The poor condition of Route 52 is a real road safety issue, MP for Wairarapa Alastair Scott believes.
He was attending a meeting of Weber, Wimbledon and Herbertville residents on Monday who were concerned that a funding application to upgrade the Weber to Wimbledon section of Route 52 had been turned down by the NZ Transport Agency.
Weber resident Trudy Riddell contacted Scott's office on learning that there was no subsidised funding for the road and at short notice arranged two public meetings, one at Wimbledon and the other at Weber. She discussed the issue with Scott who said he would attend the meetings.
He told the Wimbledon meeting the Government talks about road safety as a priority and should therefore deliver.
"But we have roads like this one. National loves building roads and we want better roads for safety and better roads for productivity, for getting logs and livestock out of the district safely."
Scott said his primary role in attending the two public meetings was to look, listen and learn.
Tararua District Councillor Jim Crispin has taken up the campaign to seek funding for the road.
"We have spent four or five years working hard in council to get this road improved. We were assured we had the funding and that work was about to start. Then we heard the Government had pulled the pin on $5 billion in funding for road building. That just rocked us."
Crispin said what made matters worse was that the Government's Provincial Growth Fund (PGF) had just announced on Monday that it had allocated $20.1 million to upgrade Route 52 from Waipukurau to Porangahau.
Scott told the meeting the PGF was nonsense.
"It's under Shane Jones who just throws little bits of money around. How he decides where it will go is nonsense."
Crispin said at the same time there was the announcement that $4.4 million was being allocated to evaluate and construct a rail hub for Dannevirke.
"This would basically see logs trucked into Dannevirke and loaded on to trains to be taken through to the port in Napier."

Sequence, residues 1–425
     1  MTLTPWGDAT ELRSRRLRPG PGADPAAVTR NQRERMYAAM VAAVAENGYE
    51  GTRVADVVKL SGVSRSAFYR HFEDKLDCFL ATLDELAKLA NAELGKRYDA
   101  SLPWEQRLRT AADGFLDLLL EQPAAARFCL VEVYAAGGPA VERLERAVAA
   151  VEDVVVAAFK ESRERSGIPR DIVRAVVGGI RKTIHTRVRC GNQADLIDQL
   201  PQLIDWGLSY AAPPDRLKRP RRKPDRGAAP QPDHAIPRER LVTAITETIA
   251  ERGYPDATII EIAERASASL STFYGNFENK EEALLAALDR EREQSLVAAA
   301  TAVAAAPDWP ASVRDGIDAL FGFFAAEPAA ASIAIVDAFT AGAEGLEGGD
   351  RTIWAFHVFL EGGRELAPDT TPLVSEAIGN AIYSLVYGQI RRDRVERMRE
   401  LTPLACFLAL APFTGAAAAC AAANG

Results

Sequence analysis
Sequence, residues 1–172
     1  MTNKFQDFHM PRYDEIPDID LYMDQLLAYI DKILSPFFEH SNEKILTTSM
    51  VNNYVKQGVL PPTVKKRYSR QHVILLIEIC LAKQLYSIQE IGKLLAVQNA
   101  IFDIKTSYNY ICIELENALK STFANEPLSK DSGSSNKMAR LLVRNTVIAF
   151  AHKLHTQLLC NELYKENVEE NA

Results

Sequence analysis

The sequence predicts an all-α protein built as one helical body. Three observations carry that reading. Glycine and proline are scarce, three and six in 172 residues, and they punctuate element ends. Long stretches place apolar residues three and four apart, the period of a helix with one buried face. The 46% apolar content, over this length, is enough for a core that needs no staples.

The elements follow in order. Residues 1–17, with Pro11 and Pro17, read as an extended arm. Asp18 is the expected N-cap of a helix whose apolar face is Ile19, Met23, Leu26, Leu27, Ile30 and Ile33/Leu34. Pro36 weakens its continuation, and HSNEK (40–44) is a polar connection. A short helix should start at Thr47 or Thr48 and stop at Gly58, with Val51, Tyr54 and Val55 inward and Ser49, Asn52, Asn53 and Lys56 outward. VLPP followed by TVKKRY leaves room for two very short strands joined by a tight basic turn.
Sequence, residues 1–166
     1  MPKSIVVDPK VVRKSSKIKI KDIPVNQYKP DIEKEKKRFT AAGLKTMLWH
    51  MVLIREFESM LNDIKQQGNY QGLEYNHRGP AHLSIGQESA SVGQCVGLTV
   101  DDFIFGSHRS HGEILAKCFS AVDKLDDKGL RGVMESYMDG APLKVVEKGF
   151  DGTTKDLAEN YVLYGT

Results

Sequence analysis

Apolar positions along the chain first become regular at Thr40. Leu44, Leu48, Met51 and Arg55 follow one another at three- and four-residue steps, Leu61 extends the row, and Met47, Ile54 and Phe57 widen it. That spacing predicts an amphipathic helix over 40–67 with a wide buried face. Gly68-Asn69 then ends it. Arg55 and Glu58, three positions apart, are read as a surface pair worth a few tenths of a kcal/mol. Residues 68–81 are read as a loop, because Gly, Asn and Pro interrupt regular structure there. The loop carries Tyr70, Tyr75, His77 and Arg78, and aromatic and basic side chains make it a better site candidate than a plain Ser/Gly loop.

With a huge amount of logging due to start soon in the area, this would put even more pressure on Route 52.
Crispin said in 1996 the National Government dropped what was State Highway 52 into the lap of Tararua District Council.
"In 1997 the council asked for investment in this road. This is only a small community and there isn't enough money to maintain the roads so we have to fall back on the Government for funding."
Scott acknowledged that Tararua was in a difficult situation as it has a low population but has the highest kilometres of roading network in the country.
He was asked by a member of the public where the money that the Government earned from petrol tax and road user charges had gone.
"It's gone to Auckland for its light rail project," Scott said.
"I would suggest that you have a go at (Infrastructure Minister) Shane Jones, (Associate Minister of Transport) Julie Anne Genter and (Minister of Transport) Phil Twyford."
Crispin said the turnout at the meeting indicated there was strong feeling among the community over the lack of investment in the road.
He said he would push for a meeting with himself, Tararua Mayor Tracey Collis, Twyford, Genter, Jones and Wairarapa list MP for Labour Kieran McAnulty to seek answers.
Scott said he would be prepared to attend such a meeting.